Any bismuth-containing compound that is soluble in water or an organic solvent, such as alcohols, ethers or hydrocarbons, may be used to impregnate the fluorine-activated gamma-alumina. Suitable bismuth containing compounds include bismuth nitrate, bismuth tartrate, and bismuth ammonium citrate. Of these, bismuth nitrate is preferred because of its availability and relative low coat and ease of handling. The organic solvent selected to apply the bismuth-containing compound to the fluorine-treated gamma-alumina should be a solvent which can be evaporated without having to subject the catalyst to extreme heat. Solvents which have a boiling point below 300 heating in the presence of oxygen are preferred. Satisfactory results have been obtained using a solution of bismuth nitrate in ethylene glycol, diethylene glycol, propylene, butylene glycol or mixtures or mixtures thereof. The concentration of the solution must be appropriate to provide a bismuth content of from about 1.0 percent to about 10.0 percent by weight in the finished catalyst. For example, if a catalyst containing 3 weight percent of bismuth is desired, bismuth nitrate is dissolved in just enough solvent to be absorbed in a reasonable length of time. The fluorine-activated alumina spheres are then mixed with the bismuth nitrate solution until all of the solution is taken up by the alumina spheres.
Due to the relatively high viscosity of ethylene glycol and diethylene glycol, the impregnation of the fluorine-treated gamma-alumina with a bismuth-containing compound dissolved in these solvents is a relatively slow process, which may suitably be carried out in a commercial tumbling mixer.
As the final step in preparing the catalyst, the fluorine-activated gamma-alumina including the bismuth-containing compound is heated at a temperature between 400 oxygen, e.g., air, for a time sufficient to drive off the solvent and oxidize the bismuth-containing compound, thus providing the finished composite catalyst.
Although the form of the bismuth contained in the finished catalyst has not been accurately characterized, it is believed to be bismuth trioxide (Bi.sub.2 O.sub.3).
While the above described procedure for the preparation of the catalyst involved fluorination of the gamma-alumina followed by impregnation with a bismuth-containing compound, the same catalyst will be obtained if these steps are carried out in reverse order. It should be noted, however, that the two steps of the procedure cannot be carried out simultaneously, for dissolution of the fluorinating agent and the bismuth containing compound in the same solvent will form an insoluble precipitate.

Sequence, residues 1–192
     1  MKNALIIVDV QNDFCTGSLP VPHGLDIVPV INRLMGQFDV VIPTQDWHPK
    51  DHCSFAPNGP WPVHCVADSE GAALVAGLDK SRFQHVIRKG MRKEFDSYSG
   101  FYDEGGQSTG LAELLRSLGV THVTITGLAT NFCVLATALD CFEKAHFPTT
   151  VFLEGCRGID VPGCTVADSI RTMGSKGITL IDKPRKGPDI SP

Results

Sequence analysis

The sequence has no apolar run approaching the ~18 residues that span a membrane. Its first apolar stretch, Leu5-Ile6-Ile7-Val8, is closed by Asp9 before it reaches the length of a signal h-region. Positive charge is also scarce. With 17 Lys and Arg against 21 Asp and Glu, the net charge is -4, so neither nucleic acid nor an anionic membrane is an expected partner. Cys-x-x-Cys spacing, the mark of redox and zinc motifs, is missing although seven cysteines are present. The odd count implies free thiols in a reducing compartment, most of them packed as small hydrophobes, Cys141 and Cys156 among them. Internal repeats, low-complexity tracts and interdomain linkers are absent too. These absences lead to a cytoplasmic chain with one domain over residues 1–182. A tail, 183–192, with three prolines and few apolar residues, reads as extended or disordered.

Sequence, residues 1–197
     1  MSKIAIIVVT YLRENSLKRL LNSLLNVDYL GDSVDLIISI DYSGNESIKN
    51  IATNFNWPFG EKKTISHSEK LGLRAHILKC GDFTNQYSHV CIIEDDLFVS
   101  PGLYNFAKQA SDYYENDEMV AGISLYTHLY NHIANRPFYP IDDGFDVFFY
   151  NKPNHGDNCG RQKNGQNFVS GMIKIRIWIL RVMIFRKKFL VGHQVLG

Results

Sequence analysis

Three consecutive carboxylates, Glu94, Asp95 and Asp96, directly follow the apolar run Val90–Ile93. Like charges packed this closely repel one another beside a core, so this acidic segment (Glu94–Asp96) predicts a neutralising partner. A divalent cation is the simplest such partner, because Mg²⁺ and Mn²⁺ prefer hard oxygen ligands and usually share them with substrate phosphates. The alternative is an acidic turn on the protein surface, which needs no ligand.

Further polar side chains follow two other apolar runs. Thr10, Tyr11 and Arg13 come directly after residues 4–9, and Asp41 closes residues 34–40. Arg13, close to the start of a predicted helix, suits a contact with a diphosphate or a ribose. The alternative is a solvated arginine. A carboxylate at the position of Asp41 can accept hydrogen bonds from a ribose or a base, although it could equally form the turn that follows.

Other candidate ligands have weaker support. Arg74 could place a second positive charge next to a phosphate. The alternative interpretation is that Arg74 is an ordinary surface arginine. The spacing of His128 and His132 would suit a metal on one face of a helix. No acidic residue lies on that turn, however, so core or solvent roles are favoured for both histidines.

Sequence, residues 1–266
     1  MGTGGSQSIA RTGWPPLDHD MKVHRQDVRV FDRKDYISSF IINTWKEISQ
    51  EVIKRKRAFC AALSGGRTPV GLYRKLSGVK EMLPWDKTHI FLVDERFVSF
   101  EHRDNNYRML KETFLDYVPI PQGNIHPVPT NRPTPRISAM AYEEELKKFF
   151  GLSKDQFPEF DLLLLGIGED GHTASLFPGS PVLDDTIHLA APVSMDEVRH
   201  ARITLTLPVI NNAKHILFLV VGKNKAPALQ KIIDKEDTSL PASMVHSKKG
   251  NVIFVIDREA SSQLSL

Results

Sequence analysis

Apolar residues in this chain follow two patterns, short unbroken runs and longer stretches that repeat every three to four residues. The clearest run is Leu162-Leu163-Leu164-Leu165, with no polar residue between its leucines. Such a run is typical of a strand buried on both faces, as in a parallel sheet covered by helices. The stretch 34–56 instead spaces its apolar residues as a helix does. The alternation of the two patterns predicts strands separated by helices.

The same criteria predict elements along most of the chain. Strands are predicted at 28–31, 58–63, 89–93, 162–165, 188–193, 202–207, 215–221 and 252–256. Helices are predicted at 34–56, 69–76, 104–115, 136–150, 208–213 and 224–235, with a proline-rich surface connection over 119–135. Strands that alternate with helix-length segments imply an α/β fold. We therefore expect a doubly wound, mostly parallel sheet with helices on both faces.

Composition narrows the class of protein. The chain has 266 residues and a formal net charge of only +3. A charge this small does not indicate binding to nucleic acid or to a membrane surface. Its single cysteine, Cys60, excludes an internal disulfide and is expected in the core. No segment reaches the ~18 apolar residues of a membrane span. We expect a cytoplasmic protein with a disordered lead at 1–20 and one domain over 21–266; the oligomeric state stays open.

It should be understood that the fluorine and bismuth contents of the catalyst referred to herein are the theoretical content calculated from the quantity of the respective fluorinating agent and bismuth impregnating agent added to the gamma-alumina during preparation of the catalyst.
In carrying out the skeletal isomerization process of the present invention, a straight chain olefinic hydrocarbon is contacted at isomerization temperatures with the modified fluorine-activated gamma-alumina catalyst under the conditions described hereinbelow.
The preferred temperature for isomerization is between about 350 to about 450 tends to reduce selectivity. The process is conveniently carried out at or below atmospheric pressure, although super-atmospheric pressure as high as 30 psig. may be employed, if desired. However, operation under super-atmospheric pressure appears to increase side reactions. The olefin feed may be introduced into the reactor undiluted, or with a diluent gas, such as nitrogen. In the latter case, the partial pressure of olefin in the feed may be as low as 0.1 atm. The space velocity of the olefin feed may be in the range from about 3 to about 20 vol./vol./min.
The catalyst must be periodically regenerated to remove any carbonaceous material that is deposited thereon during operation of the process. Such deposits reduce the activity of the catalyst. Regeneration entails periodically interrupting the isobutene production, and passing an oxygen-containing gas over the catalyst to remove any carbonaceous material that may have been deposited thereon. Care must be taken to prevent the temperature of the catalyst from exceeding 700 during regneration in order to avoid damaging the catalyst.
Although regneration does not result in any appreciable loss of catalyst activity, the activity of the catalyst will gradually be diminished after continued operation for long periods, requiring reactivation with a suitable gaseous fluorinating agent after one or more regenerations to restore the catalyst to its original activity. Although the reactivation is performed periodically, the period of time between reactivations may be considerably longer than the period between regenerations.